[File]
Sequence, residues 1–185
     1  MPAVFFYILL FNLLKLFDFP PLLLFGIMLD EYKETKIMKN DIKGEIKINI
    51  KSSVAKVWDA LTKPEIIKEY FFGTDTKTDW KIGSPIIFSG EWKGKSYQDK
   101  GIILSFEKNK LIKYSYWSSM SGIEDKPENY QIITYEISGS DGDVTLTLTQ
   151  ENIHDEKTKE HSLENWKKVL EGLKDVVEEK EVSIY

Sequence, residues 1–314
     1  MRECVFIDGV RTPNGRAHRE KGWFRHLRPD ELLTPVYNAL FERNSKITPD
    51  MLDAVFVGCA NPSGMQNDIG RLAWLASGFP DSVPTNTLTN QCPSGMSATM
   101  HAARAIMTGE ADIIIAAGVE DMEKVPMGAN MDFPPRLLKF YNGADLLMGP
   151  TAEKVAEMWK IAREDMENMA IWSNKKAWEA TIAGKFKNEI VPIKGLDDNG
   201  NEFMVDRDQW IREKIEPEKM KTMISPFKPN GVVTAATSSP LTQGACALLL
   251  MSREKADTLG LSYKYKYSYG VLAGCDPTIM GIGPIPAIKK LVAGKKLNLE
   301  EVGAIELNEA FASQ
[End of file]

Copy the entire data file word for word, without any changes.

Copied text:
Sequence, residues 1–185
     1  MPAVFFYILL FNLLKLFDFP PLLLFGIMLD EYKETKIMKN DIKGEIKINI
    51  KSSVAKVWDA LTKPEIIKEY FFGTDTKTDW KIGSPIIFSG EWKGKSYQDK
   101  GIILSFEKNK LIKYSYWSSM SGIEDKPENY QIITYEISGS DGDVTLTLTQ
   151  ENIHDEKTKE HSLENWKKVL EGLKDVVEEK EVSIY

Sequence, residues 1–314
     1  MRECVFIDGV RTPNGRAHRE KGWFRHLRPD ELLTPVYNAL FERNSKITPD
    51  MLDAVFVGCA NPSGMQNDIG RLAWLASGFP DSVPTNTLTN QCPSGMSATM
   101  HAARAIMTGE ADIIIAAGVE DMEKVPMGAN MDFPPRLLKF YNGADLLMGP
   151  TAEKVAEMWK IAREDMENMA IWSNKKAWEA TIAGKFKNEI VPIKGLDDNG
   201  NEFMVDRDQW IREKIEPEKM KTMISPFKPN GVVTAATSSP LTQGACALLL
   251  MSREKADTLG LSYKYKYSYG VLAGCDPTIM GIGPIPAIKK LVAGKKLNLE
   301  EVGAIELNEA FASQ